Hundreds of members of the Montreal Island South Centre APTS and CHUM (Alliance du personnel professionnel et technique de la santé et des services sociaux), the FIQ-SPSS (Fédération interprofessionnelle de la santé du Québec, the Montreal Island South Centre SPSS) and CUPE 4628 (Canadian Union of Public Employees, Local 4628) gathered at noon yesterday in front of the Notre-Dame Hospital to vent their frustration at the administrative circus they have to put up with every day.
Calling out the disorganization
“We have come together today to call out the disorganization at the Montreal Island South Centre CIUSSS. The employer is simply missing in action when it comes to administration. We’re still looking for a spokesperson! This simply makes no sense both for the employees we represent and the union. Our demands, cases and grievances are piling up due to a lack of means, time and goodwill. We can no longer figure out the reason because we can’t choose between the three! In addition, hundreds of people have been waiting months for the payment of their premiums. In some cases, we’re talking about thousands of dollars they’re owed! If the employer does not honour the measures they promised to attract and retain employees, how can they be surprised at the staff shortage paralyzing our health care system?” said Julie Houle, president of the Montreal Island Centre South APTS.
To increase public awareness and draw attention to the employer’s lack of respect for their demands, various union groups decided to get together and hold the event called “La fête de la désorganisation” (The Disorganization Party), bringing in clowns, jugglers and other circus performers willing to take part for the cause.
“At the present time, employees’ rights are all too often thwarted, because nobody’s accountable. The employers’ representatives struggle to get a clear mandate to settle disputes. Labour relations have become excessively judicial. It’s not normal. It’s taxpayer money that is being needlessly spent in legal fees. Moreover, the poor conditions administrative staff has to work in has increased employee turnover and contributed to the circus we’ve had to live with every single day,” said Samuel Sicard, president of CUPE 4628.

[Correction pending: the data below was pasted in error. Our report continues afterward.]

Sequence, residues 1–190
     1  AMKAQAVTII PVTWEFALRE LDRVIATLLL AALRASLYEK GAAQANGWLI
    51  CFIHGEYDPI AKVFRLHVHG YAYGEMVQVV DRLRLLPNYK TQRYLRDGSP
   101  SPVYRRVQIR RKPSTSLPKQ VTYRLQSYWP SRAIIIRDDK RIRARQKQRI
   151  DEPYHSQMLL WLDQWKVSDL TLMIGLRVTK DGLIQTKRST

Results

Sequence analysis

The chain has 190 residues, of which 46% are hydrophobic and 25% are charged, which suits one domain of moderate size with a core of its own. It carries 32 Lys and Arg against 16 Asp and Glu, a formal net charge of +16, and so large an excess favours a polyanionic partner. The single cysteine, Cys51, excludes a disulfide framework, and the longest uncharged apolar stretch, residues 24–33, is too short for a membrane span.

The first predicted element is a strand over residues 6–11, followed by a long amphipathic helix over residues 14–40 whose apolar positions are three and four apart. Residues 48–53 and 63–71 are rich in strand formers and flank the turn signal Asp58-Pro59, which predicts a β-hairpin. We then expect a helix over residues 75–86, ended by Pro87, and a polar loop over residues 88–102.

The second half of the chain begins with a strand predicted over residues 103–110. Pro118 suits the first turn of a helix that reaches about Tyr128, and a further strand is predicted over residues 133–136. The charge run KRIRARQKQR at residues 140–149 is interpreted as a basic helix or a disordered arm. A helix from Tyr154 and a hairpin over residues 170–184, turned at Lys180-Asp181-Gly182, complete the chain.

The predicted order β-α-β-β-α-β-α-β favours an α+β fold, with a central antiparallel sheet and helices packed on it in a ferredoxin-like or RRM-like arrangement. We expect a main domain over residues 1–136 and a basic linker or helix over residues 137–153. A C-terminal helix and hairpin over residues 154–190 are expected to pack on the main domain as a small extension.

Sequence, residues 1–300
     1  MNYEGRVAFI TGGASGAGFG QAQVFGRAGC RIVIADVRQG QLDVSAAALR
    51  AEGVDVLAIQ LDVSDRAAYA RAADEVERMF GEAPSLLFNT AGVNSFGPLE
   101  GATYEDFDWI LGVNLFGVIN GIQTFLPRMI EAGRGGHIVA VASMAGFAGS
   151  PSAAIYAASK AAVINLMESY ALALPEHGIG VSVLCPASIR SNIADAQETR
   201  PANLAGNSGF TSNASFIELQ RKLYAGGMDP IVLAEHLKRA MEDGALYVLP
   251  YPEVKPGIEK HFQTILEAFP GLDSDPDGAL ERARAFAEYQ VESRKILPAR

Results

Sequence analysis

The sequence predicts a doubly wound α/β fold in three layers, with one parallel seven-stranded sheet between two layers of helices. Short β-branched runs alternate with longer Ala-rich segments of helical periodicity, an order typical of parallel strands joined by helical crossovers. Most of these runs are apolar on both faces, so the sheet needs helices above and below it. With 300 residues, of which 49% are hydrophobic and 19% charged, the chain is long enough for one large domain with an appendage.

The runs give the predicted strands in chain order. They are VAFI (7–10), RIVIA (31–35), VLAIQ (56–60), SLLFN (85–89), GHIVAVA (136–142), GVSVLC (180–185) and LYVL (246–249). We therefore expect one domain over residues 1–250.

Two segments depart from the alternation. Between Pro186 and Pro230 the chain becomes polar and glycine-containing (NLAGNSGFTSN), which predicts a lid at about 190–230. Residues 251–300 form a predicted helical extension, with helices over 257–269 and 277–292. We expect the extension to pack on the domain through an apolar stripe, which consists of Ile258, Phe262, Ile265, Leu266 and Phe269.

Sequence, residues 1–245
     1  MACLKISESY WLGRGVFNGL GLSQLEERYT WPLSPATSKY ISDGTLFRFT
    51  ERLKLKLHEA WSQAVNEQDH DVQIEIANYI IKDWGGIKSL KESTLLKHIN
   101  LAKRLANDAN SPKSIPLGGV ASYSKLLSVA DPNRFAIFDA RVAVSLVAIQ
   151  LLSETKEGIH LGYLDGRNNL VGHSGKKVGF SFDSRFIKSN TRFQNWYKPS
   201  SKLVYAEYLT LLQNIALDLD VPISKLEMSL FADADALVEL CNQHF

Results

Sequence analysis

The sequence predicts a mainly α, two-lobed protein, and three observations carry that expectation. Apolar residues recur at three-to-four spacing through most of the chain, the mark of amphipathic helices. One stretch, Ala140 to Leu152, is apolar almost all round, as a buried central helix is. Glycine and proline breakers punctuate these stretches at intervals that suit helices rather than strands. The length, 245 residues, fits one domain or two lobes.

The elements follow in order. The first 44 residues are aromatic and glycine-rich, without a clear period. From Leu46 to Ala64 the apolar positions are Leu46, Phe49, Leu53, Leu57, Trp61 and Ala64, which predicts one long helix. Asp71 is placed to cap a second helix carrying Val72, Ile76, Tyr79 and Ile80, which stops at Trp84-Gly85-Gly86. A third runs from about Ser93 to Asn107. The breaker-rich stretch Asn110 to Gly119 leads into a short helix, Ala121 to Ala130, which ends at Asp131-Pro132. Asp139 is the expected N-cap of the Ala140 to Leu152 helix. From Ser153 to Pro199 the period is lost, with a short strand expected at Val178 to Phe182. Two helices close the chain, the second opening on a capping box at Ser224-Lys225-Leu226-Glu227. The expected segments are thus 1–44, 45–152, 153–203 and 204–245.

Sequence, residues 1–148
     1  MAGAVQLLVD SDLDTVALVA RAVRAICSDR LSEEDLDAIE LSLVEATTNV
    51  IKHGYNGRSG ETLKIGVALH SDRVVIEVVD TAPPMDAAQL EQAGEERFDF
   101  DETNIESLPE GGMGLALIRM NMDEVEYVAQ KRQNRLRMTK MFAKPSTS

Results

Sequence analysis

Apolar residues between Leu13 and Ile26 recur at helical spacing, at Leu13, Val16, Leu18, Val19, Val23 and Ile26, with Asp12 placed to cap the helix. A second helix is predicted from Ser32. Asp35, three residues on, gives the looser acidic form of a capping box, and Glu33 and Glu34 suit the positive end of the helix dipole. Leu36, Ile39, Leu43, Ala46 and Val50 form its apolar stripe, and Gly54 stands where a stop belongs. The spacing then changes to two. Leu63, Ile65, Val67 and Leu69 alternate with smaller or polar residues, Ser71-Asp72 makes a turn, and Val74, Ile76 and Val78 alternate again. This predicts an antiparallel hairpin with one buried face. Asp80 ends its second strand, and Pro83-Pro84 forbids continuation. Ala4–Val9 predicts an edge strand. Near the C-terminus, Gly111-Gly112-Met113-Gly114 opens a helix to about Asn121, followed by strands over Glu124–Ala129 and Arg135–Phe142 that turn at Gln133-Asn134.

In spite of the staff shortage, management of the Montreal Island South Centre CIUSSS has struggled to implement effective measures to attract and retain personnel. By failing to take these measures, administration has been perpetuating the vicious circle of the current system and contributing to the excessive workload, resulting in burnouts and resignations. All unions attending the event agree that immediate action must be taken to restore a healthy and viable working environment.
“After a one-year wait, the Montreal Island South Centre CIUSSS must pay its health care professionals what is called for in the collective agreement. The situation is untenable, especially since the rights of health care professionals are being violated. It is imperative that lasting measures be established to offer the minimum – a healthy and attractive working environment. We’re asked to be patient and that solutions will be implemented in short order, but nothing is done. Excuses no longer cut it. It’s high time that management be accountable for its actions, “ declared Denis Joubert, president of the Montreal Island South-Centre FIQ SPSS.
Nathalie Moreau, president of APTS CHUM, who was also in attendance and made reference to the excessive administrative shortcomings that her members have to bear, called management to account. “We’re expecting an answer from Vincent Lehouillier, the new president of the Montreal Island South Centre CIUSSS, to our request for a meeting we issued to him last June 30. How can we hope to see those at various levels of the organization take concrete steps to improve the situation confronting our members when the big boss himself is not even acknowledging our requests? He’s showing disrespect not only to our members but to all employees of the RSSS. We work tirelessly to ensure the health of Montrealers. The least they could do is take the time to hear us out,” said Moreau.